In addition to tennis, lateral epicondylitis is also seen most frequently in people who play racquetball, lift weights and fence. The continuous gripping motion can strain muscles, which again can lead to tiny tears that cause major pain.
Symptoms of tennis elbow usually come on gradually, so you might not notice them at first. Particularly in cases without injury, it’s easy to write off tenderness to overuse. Usually, the pain is subtle and doesn’t interfere with activities of daily living.
Over time, you may start to experience pain and burning of your outer elbow. You may also have weakened grip strength when shaking hands or and have trouble performing activities that involve the forearm.
If you develop pain, burning at the bony knob of your outer elbow or weakened grip, you could have tennis elbow. Early diagnosis can prevent painful symptoms from getting worse and losing the ability to perform your job or play sports.
After taking a detailed medical history, your doctor will apply pressure to the area in question. He or she may also ask you to move your arm, elbow, wrist and fingers in various ways to see if this causes pain.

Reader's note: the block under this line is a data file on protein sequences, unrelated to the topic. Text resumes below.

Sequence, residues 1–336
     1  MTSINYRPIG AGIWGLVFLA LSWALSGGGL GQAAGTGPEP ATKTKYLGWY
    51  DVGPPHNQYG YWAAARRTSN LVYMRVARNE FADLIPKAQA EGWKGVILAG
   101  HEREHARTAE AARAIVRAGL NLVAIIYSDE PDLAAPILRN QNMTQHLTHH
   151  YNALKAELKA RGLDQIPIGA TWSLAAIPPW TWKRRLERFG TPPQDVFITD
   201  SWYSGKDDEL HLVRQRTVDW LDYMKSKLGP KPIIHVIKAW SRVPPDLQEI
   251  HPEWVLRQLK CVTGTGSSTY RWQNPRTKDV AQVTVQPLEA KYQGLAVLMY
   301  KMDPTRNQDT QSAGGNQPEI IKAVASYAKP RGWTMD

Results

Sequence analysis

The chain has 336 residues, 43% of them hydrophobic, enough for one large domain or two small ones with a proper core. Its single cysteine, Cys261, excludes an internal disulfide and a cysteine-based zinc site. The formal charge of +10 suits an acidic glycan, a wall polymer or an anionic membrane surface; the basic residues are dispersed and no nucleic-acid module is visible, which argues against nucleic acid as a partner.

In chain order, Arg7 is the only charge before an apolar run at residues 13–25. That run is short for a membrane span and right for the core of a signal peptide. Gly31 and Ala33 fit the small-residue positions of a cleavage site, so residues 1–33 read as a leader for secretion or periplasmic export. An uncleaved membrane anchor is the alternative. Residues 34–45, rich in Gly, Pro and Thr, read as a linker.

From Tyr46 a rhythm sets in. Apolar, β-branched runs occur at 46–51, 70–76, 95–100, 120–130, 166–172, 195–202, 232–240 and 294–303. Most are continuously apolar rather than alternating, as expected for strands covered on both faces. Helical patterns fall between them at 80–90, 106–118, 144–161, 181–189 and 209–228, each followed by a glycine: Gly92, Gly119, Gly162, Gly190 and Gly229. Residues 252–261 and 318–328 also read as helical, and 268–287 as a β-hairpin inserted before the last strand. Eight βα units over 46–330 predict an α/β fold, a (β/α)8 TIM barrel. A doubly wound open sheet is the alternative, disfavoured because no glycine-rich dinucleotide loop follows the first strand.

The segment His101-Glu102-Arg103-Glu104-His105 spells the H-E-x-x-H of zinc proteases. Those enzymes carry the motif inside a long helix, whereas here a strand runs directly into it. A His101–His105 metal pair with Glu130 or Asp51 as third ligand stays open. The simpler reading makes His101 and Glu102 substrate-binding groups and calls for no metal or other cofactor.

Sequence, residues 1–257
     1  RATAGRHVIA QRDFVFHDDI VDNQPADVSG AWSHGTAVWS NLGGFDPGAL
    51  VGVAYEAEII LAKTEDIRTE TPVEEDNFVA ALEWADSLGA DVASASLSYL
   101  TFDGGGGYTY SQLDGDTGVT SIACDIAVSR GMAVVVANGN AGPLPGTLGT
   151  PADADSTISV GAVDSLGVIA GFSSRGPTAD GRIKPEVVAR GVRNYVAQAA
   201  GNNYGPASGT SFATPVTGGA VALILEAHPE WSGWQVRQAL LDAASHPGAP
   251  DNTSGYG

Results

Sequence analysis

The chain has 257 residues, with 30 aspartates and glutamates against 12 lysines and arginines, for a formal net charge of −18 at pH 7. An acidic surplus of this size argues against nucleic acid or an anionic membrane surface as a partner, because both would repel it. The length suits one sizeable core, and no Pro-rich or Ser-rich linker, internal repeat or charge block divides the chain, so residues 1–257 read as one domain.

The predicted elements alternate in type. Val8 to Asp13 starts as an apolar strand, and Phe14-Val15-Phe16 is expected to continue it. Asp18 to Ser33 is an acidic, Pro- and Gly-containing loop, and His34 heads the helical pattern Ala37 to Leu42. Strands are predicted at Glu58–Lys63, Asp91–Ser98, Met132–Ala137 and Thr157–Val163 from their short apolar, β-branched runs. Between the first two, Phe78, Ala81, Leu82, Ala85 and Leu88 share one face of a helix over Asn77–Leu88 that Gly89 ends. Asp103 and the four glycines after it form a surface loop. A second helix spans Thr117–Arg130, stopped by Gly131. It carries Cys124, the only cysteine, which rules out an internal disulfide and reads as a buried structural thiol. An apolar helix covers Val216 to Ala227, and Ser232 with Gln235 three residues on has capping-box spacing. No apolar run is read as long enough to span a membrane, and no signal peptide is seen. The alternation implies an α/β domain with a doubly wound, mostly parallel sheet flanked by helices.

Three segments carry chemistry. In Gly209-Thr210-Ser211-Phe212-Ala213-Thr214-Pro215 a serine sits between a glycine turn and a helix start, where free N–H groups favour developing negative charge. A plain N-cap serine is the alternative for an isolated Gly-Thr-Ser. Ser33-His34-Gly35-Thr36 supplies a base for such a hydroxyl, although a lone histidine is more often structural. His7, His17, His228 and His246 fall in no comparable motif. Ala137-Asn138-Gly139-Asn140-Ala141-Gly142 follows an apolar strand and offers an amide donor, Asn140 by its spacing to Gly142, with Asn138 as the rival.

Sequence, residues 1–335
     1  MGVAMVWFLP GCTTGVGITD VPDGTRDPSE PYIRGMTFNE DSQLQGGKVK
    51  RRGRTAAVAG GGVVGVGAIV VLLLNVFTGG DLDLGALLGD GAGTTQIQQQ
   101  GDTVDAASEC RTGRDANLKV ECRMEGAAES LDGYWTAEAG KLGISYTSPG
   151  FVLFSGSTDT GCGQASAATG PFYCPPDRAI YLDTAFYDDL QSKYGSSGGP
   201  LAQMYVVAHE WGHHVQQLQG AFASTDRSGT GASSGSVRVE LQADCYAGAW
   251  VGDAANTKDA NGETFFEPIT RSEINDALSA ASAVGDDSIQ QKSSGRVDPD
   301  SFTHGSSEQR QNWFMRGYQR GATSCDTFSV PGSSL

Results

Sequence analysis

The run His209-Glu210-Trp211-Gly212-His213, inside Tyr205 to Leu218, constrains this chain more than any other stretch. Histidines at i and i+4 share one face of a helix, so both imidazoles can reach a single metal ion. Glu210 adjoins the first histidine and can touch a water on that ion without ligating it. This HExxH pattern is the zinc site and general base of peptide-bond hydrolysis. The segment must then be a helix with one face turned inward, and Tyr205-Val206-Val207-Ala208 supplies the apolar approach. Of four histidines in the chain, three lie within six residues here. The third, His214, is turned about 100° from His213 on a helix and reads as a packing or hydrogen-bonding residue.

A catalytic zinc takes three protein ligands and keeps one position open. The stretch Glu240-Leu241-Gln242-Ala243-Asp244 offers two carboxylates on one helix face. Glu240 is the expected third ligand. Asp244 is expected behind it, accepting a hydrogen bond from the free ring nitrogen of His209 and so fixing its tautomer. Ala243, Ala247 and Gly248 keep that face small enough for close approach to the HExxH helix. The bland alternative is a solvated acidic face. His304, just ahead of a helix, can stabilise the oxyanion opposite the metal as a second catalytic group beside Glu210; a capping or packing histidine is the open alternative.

In many cases, your medical history and physical exam are enough to diagnosis tennis elbow. However, if your doctor thinks there may be other possible causes, imaging will be necessary. Radiographic imaging includes x-rays and MRIs.
There are several ways to treat tennis elbow. In many cases, the treatment uses a team approach, which includes your primary doctor or orthopedist, physical therapists and in some cases, an orthopedic surgeon.
To expedite healing, your doctor may recommend refraining from the activities that caused your initial symptoms.
In addition to proper rest, your doctor may recommend that you take nonsteroidal anti-inflammatories (NSAIDS). Usually, in the form of aspirin or ibuprofen, both medications work to reduce inflammation.
If over-the-counter medication is ineffective, your doctor may also recommend corticosteroid injections for pain relief.
If you have severe pain, you may benefit from immobilizing your arm in a brace. Oftentimes, immobilization can speed up recovery and help to reduce the pain.